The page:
Dalhousie Law Journal


commission of inquiry, science, advocacy, royal commission, consultative committees, risk assessment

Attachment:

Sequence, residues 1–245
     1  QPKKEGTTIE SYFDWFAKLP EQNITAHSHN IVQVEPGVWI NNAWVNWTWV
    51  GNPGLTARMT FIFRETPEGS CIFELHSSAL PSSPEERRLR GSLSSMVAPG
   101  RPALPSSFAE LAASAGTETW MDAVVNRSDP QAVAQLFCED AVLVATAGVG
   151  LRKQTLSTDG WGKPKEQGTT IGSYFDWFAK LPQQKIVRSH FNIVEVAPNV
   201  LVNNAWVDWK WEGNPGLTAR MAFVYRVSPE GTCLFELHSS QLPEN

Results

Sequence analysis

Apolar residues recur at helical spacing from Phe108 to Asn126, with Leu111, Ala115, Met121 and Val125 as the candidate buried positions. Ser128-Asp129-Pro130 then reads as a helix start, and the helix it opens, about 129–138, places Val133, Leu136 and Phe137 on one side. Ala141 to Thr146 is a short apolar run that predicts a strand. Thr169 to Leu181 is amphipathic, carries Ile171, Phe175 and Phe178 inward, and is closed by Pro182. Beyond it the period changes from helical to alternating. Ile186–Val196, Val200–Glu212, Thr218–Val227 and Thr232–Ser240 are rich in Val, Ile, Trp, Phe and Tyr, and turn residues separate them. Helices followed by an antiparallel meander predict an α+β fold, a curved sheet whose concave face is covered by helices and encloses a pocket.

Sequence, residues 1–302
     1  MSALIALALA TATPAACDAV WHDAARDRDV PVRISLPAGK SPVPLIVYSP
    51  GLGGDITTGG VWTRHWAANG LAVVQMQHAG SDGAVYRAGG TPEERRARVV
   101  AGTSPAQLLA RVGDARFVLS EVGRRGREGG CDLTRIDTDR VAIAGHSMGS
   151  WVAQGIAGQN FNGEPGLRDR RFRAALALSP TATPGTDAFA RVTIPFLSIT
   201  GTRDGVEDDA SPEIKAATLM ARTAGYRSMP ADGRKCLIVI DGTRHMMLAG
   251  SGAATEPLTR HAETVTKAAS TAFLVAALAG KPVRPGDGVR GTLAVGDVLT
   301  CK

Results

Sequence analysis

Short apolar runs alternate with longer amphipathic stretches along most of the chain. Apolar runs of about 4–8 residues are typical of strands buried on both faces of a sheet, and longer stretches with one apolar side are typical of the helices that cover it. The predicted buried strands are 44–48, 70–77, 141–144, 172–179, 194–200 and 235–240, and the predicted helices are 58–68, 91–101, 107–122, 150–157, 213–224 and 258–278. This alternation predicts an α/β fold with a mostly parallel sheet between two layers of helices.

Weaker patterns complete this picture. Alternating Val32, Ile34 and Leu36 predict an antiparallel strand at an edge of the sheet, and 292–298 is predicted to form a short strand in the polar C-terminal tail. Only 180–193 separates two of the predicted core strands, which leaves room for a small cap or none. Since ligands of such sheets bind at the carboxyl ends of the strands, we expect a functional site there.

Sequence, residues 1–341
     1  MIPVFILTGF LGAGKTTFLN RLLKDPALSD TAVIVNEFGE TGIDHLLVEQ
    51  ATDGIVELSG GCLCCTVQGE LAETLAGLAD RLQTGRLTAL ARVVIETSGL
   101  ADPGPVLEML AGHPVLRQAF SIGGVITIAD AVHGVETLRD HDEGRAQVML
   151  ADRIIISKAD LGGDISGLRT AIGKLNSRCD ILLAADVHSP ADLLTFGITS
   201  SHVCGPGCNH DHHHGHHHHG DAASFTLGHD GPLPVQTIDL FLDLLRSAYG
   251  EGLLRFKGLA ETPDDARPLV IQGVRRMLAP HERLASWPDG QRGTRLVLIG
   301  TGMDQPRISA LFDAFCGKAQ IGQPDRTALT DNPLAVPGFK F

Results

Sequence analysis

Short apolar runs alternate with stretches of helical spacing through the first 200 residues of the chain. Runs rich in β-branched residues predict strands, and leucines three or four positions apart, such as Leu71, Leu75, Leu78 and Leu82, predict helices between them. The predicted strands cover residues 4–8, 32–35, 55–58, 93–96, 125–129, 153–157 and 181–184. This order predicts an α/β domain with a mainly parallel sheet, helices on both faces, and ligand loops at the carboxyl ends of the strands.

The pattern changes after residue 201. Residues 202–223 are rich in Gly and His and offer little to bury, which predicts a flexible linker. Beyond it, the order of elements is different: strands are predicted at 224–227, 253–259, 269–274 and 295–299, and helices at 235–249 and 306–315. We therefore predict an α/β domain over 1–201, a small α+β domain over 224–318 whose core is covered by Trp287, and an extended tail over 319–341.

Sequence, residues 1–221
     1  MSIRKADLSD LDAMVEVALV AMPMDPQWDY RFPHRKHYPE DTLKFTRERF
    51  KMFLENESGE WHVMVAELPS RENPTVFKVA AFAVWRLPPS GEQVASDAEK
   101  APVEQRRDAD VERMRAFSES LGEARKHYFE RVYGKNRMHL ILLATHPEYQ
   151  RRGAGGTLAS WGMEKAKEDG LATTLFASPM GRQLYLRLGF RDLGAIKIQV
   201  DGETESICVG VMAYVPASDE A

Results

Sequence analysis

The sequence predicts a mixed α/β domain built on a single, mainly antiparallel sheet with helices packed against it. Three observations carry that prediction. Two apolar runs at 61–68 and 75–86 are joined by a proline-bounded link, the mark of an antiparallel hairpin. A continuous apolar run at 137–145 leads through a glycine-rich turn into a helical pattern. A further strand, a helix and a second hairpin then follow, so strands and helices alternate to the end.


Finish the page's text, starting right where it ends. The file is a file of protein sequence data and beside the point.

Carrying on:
Given how frequently they are commissioned, it is surprising how little has been written about inquiries and, more particularly, about the role of science and advocacy within them.' The lack of serious attention paid to inquiries may be a product of their diversity. For example, inquiries include royal commissions and consultative committees and risk assessments. Some of these inquiries have wide-ranging mandates, commission extensive research and actively solicit public commentary, while others are more closely akin to legal proceedings. Grouping such different objectives and activities under a single category - namely, inquiries - is intrinsically difficult. Or the reason for the lack of attention paid to inquiries may simply be that the political issues raised by specific inquiries seem more important to commentators than the discussion of how politics is conducted through them. The situation is inexcusable, whatever its origin, for inquiries play a pivitol role in the delineation of public issues and public debate, even when their recommendations are not implemented.